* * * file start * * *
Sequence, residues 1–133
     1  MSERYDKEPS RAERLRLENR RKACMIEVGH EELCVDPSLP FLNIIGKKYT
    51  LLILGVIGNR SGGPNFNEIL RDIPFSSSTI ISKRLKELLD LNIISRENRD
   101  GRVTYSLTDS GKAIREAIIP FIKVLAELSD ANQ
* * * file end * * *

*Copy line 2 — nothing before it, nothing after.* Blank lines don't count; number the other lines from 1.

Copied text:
     1  MSERYDKEPS RAERLRLENR RKACMIEVGH EELCVDPSLP FLNIIGKKYT